The Impact of the 1914-18 War on Children

Historian and broadcaster Dr Vivien Newman will shed new light on the experience of children across the combatant nations in her illustrated talk at Gold Hill Museum at 2.30p.m. on Tuesday 07 November. The story of (evacuee) British children in World War Two is familiar, but their part in the First World War is much less well known. Evacuees then were mainly Belgian and French. Few British readers [Viv writes] are aware that 499,137 French people (including approximately 150,000 children) from the ten wholly or partially Occupied French Departments (counties) were either forced or permitted to leave their homes. They were circuitously transported via Germany and Switzerland before being deposited once again in France, primarily in Evian on Lake Geneva.

British schoolchildren were encouraged to contribute to the war effort. Schoolgirls converted thousands of pairs of disused woollen stockings into mittens; boys’ woodwork classes in both England and Australia became mini factories for manufacturing splints and crutches for the Red Cross .. on one occasion, the crutch made by a boy was, to their mutual surprise, given to a relative.

Before the outbreak of war School Boards had permitted children over 11 who had achieved the Fourth of Six Standards to work fulltime on the land for part of the year. By 1917, H.A.L. Fisher, President of the Board of Education, estimated that “600,000 children had been put prematurely to work”.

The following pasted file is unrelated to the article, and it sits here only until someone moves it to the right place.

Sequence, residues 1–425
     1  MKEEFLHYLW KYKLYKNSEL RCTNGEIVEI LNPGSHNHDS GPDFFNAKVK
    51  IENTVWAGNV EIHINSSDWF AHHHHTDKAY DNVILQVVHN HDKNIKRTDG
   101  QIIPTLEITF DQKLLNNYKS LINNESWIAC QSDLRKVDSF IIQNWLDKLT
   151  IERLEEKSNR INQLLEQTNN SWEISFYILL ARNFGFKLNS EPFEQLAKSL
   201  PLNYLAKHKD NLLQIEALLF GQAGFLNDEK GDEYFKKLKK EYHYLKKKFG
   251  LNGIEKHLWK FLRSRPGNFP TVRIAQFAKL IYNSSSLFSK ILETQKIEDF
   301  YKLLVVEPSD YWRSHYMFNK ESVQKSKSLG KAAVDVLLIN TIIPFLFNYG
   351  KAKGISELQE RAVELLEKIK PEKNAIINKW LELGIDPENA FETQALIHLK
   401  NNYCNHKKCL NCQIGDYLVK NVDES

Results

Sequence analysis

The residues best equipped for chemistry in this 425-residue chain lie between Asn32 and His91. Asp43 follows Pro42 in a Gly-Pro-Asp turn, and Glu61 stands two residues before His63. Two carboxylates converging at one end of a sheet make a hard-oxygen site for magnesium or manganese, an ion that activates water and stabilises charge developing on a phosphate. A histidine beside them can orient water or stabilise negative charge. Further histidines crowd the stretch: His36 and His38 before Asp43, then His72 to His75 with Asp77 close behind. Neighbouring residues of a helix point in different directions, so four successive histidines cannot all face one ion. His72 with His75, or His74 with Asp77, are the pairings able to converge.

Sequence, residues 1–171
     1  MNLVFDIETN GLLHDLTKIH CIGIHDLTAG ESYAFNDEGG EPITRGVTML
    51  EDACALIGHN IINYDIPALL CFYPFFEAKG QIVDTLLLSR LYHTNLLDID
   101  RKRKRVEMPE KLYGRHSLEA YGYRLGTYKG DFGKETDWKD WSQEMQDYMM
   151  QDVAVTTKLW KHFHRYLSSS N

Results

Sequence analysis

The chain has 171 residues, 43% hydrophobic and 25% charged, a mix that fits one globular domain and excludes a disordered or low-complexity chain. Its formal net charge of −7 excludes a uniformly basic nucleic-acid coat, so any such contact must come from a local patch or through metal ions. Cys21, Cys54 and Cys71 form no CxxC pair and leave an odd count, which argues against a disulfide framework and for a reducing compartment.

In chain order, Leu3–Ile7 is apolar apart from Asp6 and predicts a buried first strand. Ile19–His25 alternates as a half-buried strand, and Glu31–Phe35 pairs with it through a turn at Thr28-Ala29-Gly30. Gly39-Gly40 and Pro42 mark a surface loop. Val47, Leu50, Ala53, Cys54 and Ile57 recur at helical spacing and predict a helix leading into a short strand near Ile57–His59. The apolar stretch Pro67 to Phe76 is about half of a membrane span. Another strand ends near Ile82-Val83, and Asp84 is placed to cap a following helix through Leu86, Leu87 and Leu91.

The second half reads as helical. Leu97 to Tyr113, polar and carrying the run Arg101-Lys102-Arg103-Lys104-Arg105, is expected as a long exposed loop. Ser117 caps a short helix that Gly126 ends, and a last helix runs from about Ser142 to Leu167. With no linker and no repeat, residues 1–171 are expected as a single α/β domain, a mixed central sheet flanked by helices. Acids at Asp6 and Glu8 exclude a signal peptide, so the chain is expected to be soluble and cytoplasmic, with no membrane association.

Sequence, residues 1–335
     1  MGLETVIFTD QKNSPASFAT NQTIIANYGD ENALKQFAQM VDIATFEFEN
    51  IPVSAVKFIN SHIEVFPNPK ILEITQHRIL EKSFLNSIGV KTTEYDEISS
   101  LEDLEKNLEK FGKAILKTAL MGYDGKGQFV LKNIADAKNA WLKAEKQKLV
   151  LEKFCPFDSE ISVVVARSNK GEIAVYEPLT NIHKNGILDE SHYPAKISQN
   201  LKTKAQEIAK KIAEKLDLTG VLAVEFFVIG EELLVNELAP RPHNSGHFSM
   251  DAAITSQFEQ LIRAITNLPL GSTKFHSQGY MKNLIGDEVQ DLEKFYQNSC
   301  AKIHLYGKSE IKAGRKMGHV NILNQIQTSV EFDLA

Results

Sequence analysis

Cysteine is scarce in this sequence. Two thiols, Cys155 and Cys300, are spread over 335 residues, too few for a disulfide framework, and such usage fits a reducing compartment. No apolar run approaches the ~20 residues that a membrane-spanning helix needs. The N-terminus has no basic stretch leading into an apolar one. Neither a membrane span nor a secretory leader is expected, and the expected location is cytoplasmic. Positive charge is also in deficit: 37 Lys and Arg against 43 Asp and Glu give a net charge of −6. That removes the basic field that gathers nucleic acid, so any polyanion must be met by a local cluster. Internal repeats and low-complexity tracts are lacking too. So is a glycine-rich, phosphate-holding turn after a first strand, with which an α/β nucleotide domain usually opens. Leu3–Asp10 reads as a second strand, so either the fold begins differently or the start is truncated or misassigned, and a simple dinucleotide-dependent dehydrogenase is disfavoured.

1918 photo probably taken in a Midlands toy factory. The girl is attaching wigs to dolls. (Imperial War Museum)

Two recently founded youth organisations prized public service and duty: the Boy Scouts (1909) and Girl Guides (1910). On 29 October 1914, Boy Scouts were engaged to work for MI5. By 4 September 1915, the experiment was considered a failure. Boy Scouts were perhaps better suited to outdoor tasks, such as watching the coast and strategic bridges. So MI5 recruited 90 Girl Guides instead, mainly as messengers at their Waterloo House HQ. Guiding’s greatest accolade came in 1919: seen as utterly reliable, a contingent accompanied the British delegation to France. They ran errands for the Paris Peace Conference delegates at the Palace of Versailles and a group of Senior Guides (aged over 16) were invited to witness the signing of the Peace Treaty.

Boy Scouts with bugles awaiting instructions for sounding the all-clear. (Imperial War Museum Collection)

Toy manufacturers, British and German, swiftly developed products inspired by the War. Not all were in the best taste. 1915’s most gruesome offering was ‘The Exploding Trench’. A 30cm-long wood and cardboard, muddy green-coloured ‘trench’ contained half a dozen miniature soldiers. When the Union flag was struck, the [German] soldiers were catapulted into the air ‘in all directions’, as if by an explosion. Unsurprisingly, this toy seems to have been discontinued.


Toy manufacturers, here German, were soon producing war-related models for children. (Image from Europeana 1914-18 Collection)

All of the quotes in italics are from Viv’s fascinating 2019 Pen and Sword book ‘Children at War 1914-18’. She may well be able to bring some copies with her to the lecture. There are details of her other books here. This talk is free to members of The S&DHS and seats should be available to non-members from 2.20p.m. on payment of £3 at the door.